Patty Hearst

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Patty Hearst
Arrest photo
Born Patricia Campbell Hearst
(1954-02-20) February 20, 1954 (age 60)
San Francisco, California, US
Nationality United States
Other names Patty Hearst
Patricia Hearst Shaw
Occupation Heiress, socialite, actress
Known for Being taken hostage by the Symbionese Liberation Army and later recruited as a member
Spouse(s) Bernard Shaw (1979–2013; his death)
Children Lydia Hearst-Shaw
Gillian Hearst-Shaw
Parents Randolph Apperson Hearst
Catherine Wood Campbell
Relatives William Randolph Hearst (grandfather)
George Hearst (great-grandfather)
Anne Hearst (sister)
Amanda Hearst (niece)

Patricia Campbell "Patty" Hearst(born February 20, 1954), now known as Patricia Campbell Hearst Shaw, is an American kidnap victim. Hearst is the granddaughter of the late publishing magnate William Randolph Hearst. In 1974, when she was 19 years old, Hearst was kidnapped by a radical group, the Symbionese Liberation Army. She was held prisoner, sexually assaulted and threatened with death. Isolated from any other social contact, Hearst was gradually coopted into identifying with the group that had abducted her. She made propaganda announcements for them and then took part in illegal activities. By the time Hearst was found she was a fugitive wanted for serious crimes. Her conviction and sentence of 35 years imprisonment, despite the abuse and coercion she had been subjected to, was widely seen as unjust, but the legal correctness of the verdict was upheld by the courts. US President Jimmy Carter commuted Hearst's sentence to free her. She was pardoned by President Bill Clinton.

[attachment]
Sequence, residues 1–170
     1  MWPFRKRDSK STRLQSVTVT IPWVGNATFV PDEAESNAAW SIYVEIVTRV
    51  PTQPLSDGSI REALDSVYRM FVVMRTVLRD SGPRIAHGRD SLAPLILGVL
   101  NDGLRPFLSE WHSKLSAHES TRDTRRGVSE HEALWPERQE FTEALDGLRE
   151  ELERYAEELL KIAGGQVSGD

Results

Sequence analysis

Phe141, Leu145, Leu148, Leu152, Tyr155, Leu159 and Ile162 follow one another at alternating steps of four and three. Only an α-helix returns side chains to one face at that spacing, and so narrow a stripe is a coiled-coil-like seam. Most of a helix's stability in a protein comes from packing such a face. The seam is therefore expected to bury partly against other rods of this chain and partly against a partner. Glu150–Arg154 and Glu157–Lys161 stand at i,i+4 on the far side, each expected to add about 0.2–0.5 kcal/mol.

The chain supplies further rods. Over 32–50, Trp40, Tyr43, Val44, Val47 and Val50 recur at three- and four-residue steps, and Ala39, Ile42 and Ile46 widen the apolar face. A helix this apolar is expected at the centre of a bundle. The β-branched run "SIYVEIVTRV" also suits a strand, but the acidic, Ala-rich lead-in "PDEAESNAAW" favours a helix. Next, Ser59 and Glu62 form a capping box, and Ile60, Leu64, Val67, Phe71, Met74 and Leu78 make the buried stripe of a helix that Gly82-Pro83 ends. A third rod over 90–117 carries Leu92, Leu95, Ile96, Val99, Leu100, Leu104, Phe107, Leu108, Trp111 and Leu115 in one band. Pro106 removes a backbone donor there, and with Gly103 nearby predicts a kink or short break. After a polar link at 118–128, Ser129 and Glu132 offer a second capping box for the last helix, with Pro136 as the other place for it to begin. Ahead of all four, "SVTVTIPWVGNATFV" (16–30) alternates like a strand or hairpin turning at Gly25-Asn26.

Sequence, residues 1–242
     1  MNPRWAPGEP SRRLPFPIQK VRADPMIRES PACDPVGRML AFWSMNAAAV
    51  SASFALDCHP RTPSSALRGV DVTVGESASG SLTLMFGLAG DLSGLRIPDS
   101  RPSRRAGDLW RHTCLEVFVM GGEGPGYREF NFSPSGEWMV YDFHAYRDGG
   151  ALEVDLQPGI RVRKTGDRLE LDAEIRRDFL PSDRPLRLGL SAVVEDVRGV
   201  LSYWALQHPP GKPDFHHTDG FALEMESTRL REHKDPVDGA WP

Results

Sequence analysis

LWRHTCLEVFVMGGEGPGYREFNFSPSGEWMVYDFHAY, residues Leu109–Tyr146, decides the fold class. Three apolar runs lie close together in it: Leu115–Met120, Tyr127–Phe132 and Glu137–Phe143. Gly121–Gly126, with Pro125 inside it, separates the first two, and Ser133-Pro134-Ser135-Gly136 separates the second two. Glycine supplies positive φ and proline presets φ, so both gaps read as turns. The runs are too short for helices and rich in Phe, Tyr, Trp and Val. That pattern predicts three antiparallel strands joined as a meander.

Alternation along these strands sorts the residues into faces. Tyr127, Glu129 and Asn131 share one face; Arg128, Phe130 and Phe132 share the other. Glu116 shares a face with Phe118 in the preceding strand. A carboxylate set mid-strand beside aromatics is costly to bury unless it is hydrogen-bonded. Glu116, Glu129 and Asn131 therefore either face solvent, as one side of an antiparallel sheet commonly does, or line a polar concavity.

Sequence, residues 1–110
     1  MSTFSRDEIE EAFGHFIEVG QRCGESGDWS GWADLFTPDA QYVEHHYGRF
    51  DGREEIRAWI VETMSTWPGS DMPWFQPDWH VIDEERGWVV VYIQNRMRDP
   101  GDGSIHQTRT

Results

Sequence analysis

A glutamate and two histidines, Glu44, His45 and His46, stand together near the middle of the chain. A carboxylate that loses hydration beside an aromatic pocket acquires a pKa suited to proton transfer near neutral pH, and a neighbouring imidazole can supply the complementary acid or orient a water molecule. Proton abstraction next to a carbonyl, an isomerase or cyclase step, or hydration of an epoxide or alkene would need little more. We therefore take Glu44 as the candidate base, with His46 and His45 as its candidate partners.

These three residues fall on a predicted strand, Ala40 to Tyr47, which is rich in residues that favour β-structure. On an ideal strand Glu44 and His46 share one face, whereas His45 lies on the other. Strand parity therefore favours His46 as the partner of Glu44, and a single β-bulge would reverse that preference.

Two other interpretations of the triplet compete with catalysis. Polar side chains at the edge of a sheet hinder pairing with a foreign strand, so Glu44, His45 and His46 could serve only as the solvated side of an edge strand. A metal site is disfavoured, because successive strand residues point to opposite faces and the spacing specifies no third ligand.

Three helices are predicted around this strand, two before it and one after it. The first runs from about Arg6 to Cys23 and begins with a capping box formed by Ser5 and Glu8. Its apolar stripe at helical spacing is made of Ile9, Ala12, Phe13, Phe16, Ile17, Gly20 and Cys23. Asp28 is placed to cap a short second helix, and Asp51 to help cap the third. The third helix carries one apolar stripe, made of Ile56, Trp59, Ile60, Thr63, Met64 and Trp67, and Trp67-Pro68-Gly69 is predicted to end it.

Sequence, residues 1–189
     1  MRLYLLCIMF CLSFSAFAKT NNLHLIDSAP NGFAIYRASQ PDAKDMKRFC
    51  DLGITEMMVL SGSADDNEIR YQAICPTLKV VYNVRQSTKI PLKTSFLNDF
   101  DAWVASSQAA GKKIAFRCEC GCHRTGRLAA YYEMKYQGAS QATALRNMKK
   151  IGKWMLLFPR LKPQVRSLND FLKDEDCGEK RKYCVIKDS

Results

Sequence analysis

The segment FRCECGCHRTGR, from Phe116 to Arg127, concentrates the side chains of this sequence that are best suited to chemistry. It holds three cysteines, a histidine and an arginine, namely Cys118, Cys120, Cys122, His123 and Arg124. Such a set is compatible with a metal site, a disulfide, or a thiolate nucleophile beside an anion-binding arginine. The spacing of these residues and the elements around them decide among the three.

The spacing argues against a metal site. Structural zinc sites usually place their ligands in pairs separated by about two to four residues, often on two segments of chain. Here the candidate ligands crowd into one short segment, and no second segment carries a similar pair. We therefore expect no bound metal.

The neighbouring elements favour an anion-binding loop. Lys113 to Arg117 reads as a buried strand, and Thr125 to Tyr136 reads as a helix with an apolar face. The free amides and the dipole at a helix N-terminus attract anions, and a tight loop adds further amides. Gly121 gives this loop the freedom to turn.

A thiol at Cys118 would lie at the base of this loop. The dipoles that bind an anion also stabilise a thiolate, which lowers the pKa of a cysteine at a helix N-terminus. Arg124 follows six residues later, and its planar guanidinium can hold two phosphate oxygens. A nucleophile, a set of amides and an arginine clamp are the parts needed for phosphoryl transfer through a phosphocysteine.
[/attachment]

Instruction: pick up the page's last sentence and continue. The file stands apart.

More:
Early life[edit]

Hearst was born in San Francisco, California, the third of five daughters of Randolph Apperson Hearst and Catherine Wood Campbell.[1] She grew up primarily in Hillsborough. She attended Crystal Springs School for Girls in Hillsborough and the Santa Catalina School in Monterey.[2] Among her few close friends she counted Patricia Tobin, whose family founded the Hibernia Bank, a branch of which Hearst would later aid in robbing.

Kidnapping and the SLA[edit]

Patty Hearst yelling commands at bank customers[3]

On February 4, 1974, the 19-year-old Hearst was kidnapped from her Berkeley, California apartment, which she shared with her fiancé Steven Weed, by a left-wing urban guerrilla group called the Symbionese Liberation Army.[4] When the attempt to swap Hearst for jailed SLA members failed, the SLA demanded that the captive's family distribute $70 worth of food to every needy Californian – an operation that would cost an estimated $400 million. In response, Hearst's father arranged the immediate donation of $6 million worth of food to the poor of the Bay Area. After the distribution of food, the SLA refused to release Hearst because they deemed the food to have been of poor quality. (In a subsequent tape recording released to the press, Hearst commented that her father could have done better.) On April 3, 1974, Hearst announced on an audiotape that she had joined the SLA and assumed the name "Tania"[5] (inspired by the nom de guerre of Haydée Tamara Bunke Bider, Che Guevara's comrade).[6] For this reason, she is often referred to as a victim of Stockholm Syndrome.[7]